Nepal | July 14, 2020

Idea came from private schools: Khatiwada 


Himalayan News Service
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Education Minister Pokharel says he had no clue about it 

Kathmandu, June 1

Finance Minister Yubaraj Khatiwada today said the proposal to make each private school responsible for improving education quality of at least one public school was brought in consensus with the private school owners.

Minister Khatiwada said this while answering questions raised by lawmakers during a deliberation on the budget for the fiscal year 2020-21.

“It’s our (government’s) responsibility to improve quality of education as we are committed to ensuring free and compulsory education up to secondary level. But, since private schools gave us a commitment to support our cause under their corporate social responsibility, we had included the new provision,” Finance Minister Khatiwada said in the Parliament.

Point number 166 of the budget has a provision to make private schools responsible to improve the quality of public schools. This new programme has received widespread criticism from stakeholders, especially, private school owners. Even Minister of Education, Science and Technology Giriraj Mani Pokharel is not happy with this provision.

Minister Pokharel, issuing a statement yesterday, expressed dissatisfaction with the programme and said that his ministry was not responsible for including such a provision in the budget. He had said that it would not be wise to give the responsibility of public schools to private schools. “It would have been better, if a separate fund had been created for improvement of public school and private schools were also asked to contribute to the fund,”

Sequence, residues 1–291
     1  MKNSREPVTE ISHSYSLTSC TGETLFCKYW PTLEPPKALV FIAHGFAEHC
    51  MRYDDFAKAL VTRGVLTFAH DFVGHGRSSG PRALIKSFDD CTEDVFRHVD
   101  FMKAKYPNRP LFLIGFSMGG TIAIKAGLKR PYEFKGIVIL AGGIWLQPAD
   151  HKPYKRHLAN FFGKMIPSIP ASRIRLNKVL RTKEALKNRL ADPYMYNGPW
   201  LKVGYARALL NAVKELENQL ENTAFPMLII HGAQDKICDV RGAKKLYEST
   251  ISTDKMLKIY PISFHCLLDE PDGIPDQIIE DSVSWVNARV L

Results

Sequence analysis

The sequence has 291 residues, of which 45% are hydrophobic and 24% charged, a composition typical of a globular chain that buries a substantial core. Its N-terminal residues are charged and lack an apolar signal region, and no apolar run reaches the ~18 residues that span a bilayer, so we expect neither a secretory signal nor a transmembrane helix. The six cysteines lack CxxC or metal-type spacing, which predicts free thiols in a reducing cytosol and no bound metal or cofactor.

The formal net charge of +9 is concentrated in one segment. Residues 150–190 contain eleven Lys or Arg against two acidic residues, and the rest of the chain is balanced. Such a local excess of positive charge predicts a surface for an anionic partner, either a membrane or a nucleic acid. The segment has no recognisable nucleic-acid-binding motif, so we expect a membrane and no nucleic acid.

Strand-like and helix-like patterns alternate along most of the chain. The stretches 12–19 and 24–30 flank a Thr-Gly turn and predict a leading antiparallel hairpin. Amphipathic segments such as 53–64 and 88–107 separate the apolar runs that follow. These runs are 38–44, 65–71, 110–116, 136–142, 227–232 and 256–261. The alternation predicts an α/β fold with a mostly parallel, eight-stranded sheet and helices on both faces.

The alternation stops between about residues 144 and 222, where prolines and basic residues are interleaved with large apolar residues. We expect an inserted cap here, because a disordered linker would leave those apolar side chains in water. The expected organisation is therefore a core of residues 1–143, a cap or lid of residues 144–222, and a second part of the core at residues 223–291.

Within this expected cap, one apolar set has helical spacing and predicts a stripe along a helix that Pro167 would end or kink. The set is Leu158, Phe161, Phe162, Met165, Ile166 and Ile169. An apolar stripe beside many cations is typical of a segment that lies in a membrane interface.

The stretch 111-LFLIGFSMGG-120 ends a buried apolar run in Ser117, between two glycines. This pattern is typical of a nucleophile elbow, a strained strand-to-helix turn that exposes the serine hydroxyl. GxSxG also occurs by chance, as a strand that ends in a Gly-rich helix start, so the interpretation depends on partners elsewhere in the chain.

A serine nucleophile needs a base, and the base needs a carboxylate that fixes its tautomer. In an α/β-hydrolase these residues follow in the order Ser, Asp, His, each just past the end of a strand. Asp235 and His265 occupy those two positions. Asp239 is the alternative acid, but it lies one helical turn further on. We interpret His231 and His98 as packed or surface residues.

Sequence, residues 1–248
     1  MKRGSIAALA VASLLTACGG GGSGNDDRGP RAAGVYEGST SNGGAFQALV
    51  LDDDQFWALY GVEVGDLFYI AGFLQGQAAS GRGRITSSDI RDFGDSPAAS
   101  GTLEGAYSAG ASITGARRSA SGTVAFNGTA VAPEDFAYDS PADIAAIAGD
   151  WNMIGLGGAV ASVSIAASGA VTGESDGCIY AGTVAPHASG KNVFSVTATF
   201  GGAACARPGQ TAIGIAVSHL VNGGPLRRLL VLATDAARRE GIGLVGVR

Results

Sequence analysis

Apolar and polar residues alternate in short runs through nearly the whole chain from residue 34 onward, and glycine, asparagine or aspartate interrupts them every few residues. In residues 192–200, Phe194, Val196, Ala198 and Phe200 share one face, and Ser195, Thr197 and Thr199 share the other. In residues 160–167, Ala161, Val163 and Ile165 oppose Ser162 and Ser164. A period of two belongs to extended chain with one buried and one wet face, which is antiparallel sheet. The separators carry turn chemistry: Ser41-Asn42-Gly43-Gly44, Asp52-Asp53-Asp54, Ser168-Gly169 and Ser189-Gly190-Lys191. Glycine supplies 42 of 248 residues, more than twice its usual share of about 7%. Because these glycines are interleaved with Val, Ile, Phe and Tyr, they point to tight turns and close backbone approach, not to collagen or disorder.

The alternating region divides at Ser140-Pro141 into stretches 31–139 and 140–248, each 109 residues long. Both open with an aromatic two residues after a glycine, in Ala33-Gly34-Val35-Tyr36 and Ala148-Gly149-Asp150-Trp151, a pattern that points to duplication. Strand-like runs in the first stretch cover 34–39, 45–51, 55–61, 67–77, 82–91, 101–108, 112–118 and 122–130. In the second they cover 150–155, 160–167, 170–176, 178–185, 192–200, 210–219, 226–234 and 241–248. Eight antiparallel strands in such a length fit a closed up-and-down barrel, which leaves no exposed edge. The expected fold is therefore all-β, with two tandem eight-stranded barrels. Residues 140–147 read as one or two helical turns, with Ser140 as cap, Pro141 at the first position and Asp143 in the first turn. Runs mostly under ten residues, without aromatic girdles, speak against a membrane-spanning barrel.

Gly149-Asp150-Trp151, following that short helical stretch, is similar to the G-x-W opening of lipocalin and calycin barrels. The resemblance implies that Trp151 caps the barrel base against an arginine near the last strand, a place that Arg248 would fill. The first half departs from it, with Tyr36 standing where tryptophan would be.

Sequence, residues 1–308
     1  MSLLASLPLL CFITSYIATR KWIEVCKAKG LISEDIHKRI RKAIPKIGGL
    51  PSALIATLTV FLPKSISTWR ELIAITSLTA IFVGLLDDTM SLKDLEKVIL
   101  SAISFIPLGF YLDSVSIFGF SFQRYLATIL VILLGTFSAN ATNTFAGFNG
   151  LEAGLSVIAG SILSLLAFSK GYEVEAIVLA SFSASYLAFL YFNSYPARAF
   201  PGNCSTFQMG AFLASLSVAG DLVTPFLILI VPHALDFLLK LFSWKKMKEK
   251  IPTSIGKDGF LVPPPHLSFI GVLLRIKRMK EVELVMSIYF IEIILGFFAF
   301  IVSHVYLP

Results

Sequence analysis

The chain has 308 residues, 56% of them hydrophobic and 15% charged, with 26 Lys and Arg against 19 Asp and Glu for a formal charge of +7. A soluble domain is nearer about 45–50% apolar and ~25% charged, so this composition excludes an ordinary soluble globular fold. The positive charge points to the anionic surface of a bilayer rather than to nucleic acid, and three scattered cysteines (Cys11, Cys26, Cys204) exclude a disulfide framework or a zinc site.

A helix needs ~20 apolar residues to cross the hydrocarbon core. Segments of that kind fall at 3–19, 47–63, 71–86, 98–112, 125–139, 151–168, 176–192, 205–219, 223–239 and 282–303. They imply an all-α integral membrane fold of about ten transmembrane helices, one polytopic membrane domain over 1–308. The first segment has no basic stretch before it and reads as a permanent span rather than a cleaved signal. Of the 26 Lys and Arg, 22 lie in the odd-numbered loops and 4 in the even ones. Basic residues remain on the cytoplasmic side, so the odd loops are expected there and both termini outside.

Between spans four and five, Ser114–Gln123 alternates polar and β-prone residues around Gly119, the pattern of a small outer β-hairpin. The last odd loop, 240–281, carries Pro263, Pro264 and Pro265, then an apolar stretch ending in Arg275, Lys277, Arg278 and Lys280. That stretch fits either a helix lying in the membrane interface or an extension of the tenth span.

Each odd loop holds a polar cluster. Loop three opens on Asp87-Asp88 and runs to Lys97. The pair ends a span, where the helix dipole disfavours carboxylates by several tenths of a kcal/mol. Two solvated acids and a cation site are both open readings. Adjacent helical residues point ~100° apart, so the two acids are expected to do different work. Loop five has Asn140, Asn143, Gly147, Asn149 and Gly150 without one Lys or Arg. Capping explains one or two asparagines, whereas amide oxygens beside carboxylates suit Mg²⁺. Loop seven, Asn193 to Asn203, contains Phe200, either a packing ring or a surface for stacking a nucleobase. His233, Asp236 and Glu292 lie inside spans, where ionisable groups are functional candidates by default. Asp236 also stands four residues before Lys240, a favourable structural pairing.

Minister Pokharel said in the statement. Speaking in the House today, he, however, said that improving quality of education of public schools was the common responsibility of all the stakeholders.

Replying to questions, Minister Khatiwada further said, “We do not intend to hand over public schools to private school owners. We just tried to take the help offered by private school owners.”

Currently, there are around 6,000 private schools and 29,000 community schools across the country.

Meanwhile, the Private and Boarding School Organisation of Nepal, said that only limited ‘A’ graded schools can take up such tasks, that too, through the public-private partnership scheme.

PABSON Chair Tikaram Puri told THT over phone, “The plan is not that bad after all. But, all private schools are not capable of undertaking such responsibility.” He suggested that the government should have clearly mentioned that ‘A’ grade schools were required to take the responsibility of improving quality of public schools.

He also said that all private schools were not required to take responsibility under corporate social responsibility as all private schools were already providing full scholarship for 10 to 15 per cent of total students studying in private schools. Refuting Minister Khatiwada’s claim that private schools suggested that they be included in the new programme, he said no such talks were held between them and the government.

A version of this article appears in e-paper on June 02, 2020 of The Himalayan Times.

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